Climbers and Elbow Tendonitis

April 13, 2012
Will Gadd

This started off as the reply to an email but it’s now a post. NOTE: I’ve got zero training for this topic, go read my friend Dave Macleod’s excellent post here for the professional view (and everything else the guy writes, he’s a smart one). The below is just my experience with elbow issues.

Elbows: I’ve done every elbow rehab exercise ever over the years. For me these things work:

Initial Problem Stage, or “Yes, I’m going to admit I’m all messed up finally, and my elbows are a disaster. Shit.” How to stop the damage:
-ART massage. Not “sorta ART,” ART. Expensive, painful, works.
-Ice. Put it in little Dixie cups in the freezer, rip off strips of Dixie cup, apply. Brilliant. Twice a day. I don’t know for how long, I sit there until my elbow is cold and feels right.
-Don’t quit all activity involving your arms. This does not work for me, in fact I get worse. But do change whatever activity you’re doing. Swim, yoga, climb trees, whatever, but you’ve gotta keep your arms moving or everything gloms, especially when I’ve let it get really bad.
-Stretch. One fingers at time, full hand, but you’ve got to decrease the “walking around” load on the elbow. I don’t know why, but it is very important for me to heal.

-Continue with the above as required to be pain-free and add the following:
-Do these: Medial or lateral depending on injury. Looks silly, works.
-Also, and I hate to say this but it has worked for me, do bicep curls if it’s medial. Rotate the weight as you do the curl–light, very light to start, then over a period of weeks to months increase the weight until it’s actually hard. Doesn’t seem to much matter how you rotate the weight as you do the curl, but rotate it fully. If it starts hurting back it down until it doesn’t hurt. You may be doing these with a salt shaker to start, no lie.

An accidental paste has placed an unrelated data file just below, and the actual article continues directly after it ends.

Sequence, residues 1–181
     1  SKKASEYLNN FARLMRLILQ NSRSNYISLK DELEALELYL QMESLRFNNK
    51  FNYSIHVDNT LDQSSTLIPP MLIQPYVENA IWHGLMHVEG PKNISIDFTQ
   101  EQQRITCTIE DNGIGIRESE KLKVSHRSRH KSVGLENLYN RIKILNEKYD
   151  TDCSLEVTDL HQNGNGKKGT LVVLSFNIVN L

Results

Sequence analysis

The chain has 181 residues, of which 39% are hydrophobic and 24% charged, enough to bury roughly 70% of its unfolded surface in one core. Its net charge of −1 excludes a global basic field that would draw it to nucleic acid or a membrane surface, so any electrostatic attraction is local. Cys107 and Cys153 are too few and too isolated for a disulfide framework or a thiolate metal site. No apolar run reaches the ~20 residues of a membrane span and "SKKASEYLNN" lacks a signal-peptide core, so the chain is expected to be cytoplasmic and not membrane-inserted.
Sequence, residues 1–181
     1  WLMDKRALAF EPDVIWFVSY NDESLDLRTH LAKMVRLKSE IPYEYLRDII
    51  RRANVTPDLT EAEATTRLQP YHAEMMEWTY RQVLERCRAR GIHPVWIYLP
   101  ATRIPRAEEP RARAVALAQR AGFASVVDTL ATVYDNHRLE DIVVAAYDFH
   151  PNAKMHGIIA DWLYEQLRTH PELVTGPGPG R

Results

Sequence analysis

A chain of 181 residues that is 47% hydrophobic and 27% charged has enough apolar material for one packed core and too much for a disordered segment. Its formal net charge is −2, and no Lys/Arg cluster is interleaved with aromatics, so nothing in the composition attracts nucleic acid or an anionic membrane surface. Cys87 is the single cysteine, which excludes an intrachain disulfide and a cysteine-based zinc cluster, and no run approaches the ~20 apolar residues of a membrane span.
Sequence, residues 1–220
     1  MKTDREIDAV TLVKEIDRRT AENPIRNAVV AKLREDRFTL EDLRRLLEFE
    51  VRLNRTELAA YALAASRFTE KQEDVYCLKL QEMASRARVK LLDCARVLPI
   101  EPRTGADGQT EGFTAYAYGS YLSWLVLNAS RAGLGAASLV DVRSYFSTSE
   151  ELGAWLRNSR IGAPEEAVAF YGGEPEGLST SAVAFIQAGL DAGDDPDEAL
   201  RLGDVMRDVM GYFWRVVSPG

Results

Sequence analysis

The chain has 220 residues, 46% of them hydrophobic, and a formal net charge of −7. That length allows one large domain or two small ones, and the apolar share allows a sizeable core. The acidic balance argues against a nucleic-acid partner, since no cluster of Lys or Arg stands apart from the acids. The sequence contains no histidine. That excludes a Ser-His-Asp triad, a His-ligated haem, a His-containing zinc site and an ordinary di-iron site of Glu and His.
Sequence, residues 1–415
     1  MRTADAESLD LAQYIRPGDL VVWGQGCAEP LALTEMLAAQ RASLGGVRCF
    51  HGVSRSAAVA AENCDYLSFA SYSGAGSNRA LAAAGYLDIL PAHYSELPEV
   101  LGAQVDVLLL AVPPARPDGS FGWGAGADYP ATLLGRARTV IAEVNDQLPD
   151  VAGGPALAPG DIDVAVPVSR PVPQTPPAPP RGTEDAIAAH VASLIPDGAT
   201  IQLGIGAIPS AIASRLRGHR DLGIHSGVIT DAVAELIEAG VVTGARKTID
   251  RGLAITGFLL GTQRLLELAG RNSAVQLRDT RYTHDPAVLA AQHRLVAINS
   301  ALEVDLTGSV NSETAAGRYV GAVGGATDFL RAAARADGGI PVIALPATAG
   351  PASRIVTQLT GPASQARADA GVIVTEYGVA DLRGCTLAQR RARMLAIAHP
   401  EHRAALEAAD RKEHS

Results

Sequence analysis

-Go climbing, but at a grade that is far, far below your peak level. If you insight 5.12 then go climb some long 5.8s. I believe the easy  load in the same manner that caused the injury is somehow good for setting things right. I don’t know why, but it seems to work well for me and others.

-If your elbows start to hurt stop what you’re doing and change your game. Immediately. If you’re climbing jugs in the gym then go crimp something, vice versa. If you keep doing what has led to the problem then you’ll be injured worse. I write that because I keep learning that lesson. Keep climbing, but change it up–most injuries are due to too much of the same thing over and over. If you’re bouldering put a rope on, etc.
-Do some of the above as required to keep pain at bay.
-Do different sports. Paddle, ski, etc. Take some time off for longer periods. The goal is to climb forever, not just this year or month…

-Don’t crank the load or intensity too quickly, or you will get hurt. If you’re feeling good then don’t jump on a V-Hard boulder problem/route.

-Avoid “tweaky” shit like pulling in a fat rope through an ATC for hours. Horrible. Get a Gi Gi or something if you’re a guide or do a lot of multi-pitching.

And when you forget all of the above and get injured accept this fact early, and rebuild carefully. The longer you delay the rebuild the longer  you’ll have to rebuild.


If I can only remember my own advice I should stay off the therabar for another year or two…